The Corps itself clearly made some serious mistakes, such as exposing the drainage canals to Lake Pontchartrain. Problems had been pointed out in advance, but again, they weren’t addressed. Perhaps more importantly, there are those who believe the power of the storm as it struck the city was not enough to overwhelm the levees. They think if the existing flood-control system had worked as designed, it would have contained Katrina, that the storm surge in the lake was only equivalent to a strong category 2 hurricane. The Corps disputes this very, very serious charge and says the storm was enormously powerful, even the edge that caught New Orleans. An investigation will resolve this definitively. Then there are the issues of MRGO (Mississippi River Gulf Outlet), coastal erosion, etc. But coastal erosion has nothing to do with the storm surge in the lake.
Even if the Corps is correct, and this storm was stronger than the levees were designed to protect against, why wasn’t the level of protection set higher? Part of that goes back to (President) Carter’s administration, when environmentalists blocked the construction of gates closing the lake off from the sea. Plus, people consider flood control pork. Building a bridge is pork, or at least may be. Flood control to save lives and property is not pork. And, of course, right up to a few months before the storm, Bush was making unbelievable and catastrophic cuts in the flood-protection maintenance budget.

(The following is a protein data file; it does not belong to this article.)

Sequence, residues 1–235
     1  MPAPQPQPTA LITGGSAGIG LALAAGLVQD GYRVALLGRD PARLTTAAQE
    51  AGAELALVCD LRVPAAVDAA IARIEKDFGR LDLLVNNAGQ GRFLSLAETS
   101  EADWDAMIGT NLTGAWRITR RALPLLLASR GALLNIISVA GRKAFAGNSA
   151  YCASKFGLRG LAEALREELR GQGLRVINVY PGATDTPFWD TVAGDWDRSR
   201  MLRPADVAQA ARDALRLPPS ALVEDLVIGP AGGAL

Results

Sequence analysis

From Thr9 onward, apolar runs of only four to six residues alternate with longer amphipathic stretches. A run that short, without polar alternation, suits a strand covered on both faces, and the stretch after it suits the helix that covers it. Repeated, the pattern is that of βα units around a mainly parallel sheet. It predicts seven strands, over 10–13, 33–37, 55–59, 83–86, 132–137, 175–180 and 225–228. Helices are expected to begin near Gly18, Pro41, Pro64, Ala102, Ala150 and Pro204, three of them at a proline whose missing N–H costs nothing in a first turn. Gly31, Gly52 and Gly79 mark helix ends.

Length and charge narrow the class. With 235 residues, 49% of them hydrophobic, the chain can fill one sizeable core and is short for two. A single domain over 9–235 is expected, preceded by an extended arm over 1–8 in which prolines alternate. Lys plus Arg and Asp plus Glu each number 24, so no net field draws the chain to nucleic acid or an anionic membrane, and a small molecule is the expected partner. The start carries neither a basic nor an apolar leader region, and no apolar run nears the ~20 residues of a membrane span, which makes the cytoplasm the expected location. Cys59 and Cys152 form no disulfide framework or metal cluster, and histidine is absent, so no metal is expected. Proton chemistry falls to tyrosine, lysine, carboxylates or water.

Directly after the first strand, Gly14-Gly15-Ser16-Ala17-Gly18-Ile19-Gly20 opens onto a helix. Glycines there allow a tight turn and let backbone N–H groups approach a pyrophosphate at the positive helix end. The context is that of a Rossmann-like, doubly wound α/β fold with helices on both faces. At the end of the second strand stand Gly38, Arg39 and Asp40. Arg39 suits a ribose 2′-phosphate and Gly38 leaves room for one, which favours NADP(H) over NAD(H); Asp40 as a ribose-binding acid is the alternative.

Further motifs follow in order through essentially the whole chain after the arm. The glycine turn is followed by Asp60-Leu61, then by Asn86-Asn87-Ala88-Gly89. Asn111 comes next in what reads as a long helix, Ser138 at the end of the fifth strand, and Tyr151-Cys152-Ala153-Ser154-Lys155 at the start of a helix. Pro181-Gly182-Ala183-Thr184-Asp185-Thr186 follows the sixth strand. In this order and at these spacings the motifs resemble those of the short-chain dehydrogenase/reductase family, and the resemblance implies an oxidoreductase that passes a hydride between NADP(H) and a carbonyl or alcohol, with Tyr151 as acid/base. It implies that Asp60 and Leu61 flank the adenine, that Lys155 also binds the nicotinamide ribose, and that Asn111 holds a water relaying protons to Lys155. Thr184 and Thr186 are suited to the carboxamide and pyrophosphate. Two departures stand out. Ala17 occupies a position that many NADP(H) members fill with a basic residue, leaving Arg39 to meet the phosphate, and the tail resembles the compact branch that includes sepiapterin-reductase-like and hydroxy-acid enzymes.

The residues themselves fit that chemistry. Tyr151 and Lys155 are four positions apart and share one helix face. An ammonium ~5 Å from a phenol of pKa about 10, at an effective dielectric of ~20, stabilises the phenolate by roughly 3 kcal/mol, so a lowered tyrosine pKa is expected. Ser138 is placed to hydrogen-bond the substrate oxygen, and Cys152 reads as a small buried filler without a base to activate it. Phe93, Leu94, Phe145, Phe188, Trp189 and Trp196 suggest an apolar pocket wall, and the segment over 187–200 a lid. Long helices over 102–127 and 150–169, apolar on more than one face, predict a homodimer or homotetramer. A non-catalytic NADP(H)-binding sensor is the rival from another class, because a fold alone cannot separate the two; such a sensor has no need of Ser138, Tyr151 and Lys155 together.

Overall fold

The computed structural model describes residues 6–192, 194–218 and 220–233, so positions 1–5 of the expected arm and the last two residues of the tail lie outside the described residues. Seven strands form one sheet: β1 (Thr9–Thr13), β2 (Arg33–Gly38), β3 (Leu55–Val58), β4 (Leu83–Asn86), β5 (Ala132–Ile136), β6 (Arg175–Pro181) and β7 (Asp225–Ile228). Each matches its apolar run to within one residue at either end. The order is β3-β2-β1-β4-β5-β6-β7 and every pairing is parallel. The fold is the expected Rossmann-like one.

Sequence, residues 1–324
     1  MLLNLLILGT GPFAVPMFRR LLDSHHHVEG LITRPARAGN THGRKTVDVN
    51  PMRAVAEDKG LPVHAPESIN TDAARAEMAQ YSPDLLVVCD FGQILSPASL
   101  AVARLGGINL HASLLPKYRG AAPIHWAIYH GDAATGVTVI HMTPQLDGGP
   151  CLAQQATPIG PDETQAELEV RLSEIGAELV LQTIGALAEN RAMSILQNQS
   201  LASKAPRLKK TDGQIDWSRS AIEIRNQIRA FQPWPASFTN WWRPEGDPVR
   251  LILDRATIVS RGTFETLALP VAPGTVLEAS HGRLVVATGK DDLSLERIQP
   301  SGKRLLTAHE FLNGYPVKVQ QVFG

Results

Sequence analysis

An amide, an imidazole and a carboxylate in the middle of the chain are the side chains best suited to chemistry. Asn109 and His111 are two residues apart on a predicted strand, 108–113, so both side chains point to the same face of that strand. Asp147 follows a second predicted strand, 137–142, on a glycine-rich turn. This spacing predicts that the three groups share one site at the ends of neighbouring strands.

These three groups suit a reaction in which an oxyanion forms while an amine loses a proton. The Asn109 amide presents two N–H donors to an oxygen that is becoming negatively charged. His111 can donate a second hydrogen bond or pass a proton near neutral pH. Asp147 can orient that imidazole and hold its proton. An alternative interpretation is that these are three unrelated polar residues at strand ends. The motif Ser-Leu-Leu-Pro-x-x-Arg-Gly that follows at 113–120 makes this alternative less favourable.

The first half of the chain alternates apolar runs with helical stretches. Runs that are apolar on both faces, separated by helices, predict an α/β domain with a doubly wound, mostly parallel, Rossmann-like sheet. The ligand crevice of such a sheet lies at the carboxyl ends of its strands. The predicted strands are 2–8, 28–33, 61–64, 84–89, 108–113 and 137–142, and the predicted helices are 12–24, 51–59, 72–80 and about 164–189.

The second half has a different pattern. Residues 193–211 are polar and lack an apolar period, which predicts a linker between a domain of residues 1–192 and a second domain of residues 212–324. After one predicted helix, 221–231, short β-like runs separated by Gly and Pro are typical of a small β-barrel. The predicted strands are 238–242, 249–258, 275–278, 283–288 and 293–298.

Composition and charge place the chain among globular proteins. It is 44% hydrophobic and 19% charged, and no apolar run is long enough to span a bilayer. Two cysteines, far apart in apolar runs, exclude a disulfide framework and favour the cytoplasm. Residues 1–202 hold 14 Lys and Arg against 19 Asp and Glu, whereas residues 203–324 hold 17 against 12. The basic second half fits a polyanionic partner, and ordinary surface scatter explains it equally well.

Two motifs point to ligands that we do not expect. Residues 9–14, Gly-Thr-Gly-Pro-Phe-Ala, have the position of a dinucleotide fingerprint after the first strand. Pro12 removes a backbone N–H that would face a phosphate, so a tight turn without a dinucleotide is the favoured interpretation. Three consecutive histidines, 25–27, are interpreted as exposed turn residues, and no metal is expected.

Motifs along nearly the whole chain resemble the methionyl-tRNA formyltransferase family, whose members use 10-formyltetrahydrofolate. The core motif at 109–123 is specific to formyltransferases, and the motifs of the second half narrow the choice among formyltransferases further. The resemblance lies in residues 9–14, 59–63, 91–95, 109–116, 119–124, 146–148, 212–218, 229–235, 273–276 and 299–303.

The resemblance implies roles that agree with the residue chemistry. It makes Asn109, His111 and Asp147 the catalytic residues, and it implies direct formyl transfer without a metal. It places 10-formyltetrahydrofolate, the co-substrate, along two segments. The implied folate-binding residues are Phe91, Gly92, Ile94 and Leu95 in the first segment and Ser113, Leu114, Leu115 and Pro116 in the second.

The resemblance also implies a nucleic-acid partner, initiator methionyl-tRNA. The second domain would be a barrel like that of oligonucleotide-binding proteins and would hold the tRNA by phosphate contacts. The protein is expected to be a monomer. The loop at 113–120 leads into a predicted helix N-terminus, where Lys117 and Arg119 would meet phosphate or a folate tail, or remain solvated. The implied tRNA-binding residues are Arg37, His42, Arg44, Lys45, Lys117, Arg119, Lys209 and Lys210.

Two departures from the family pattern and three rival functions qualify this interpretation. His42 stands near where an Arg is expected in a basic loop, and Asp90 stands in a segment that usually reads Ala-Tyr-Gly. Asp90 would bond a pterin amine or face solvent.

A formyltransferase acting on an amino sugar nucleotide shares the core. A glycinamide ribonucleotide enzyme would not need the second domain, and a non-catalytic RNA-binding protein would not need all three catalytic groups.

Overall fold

I think we’re all a little angry now. This was not Pompeii. This was something containable. The disaster itself, not simply the response of FEMA, etc., was man-made.
Is it possible to develop a perfect plan to survive a perfect storm?
OK, you don’t want a one-word answer. New Orleans can be made safe. Equivalent engineering feats have been accomplished elsewhere. The plans are out there already. We just need to do it, but we need to do it right. To paraphrase a line from my book, nature is perfect. Man is not perfect. If man makes a mistake when he confronts nature, nature will find it and exploit it. And building the right projects isn’t enough. It needs maintenance.
After Katrina, what message do you have for Louisianians?
Barry: That question kind of makes me laugh, as if I have any special insights. I’m not that smart. Part of me wants to respond like the football coach I once was (Tulane 14, LSU 0) and talk about not quitting. Part of me wants to quote LeRoy Percy, one of the characters in Rising Tide, who looked around at the devastation and said in 1927, “Sometimes you find that you have overestimated a disaster. I see nothing to indicate that this is the case. The road ahead of us is a long and very rocky one.”
And part of me just wants to go home because very definitely home is New Orleans. Right now I am, I think, realistic about the difficulties but optimistic nonetheless. The possibility really does exist to rebuild and to make it a better place. Some of what happens depends on Washington and the people there who want to use us to experiment with their ideas – and some of those ideas may be good ones – and some of it depends on how politicized all this gets as time passes. But whether we actually do succeed in the end is mostly up to us, as it usually is.
This article appears in the Fall 2005 issue of Louisiana Life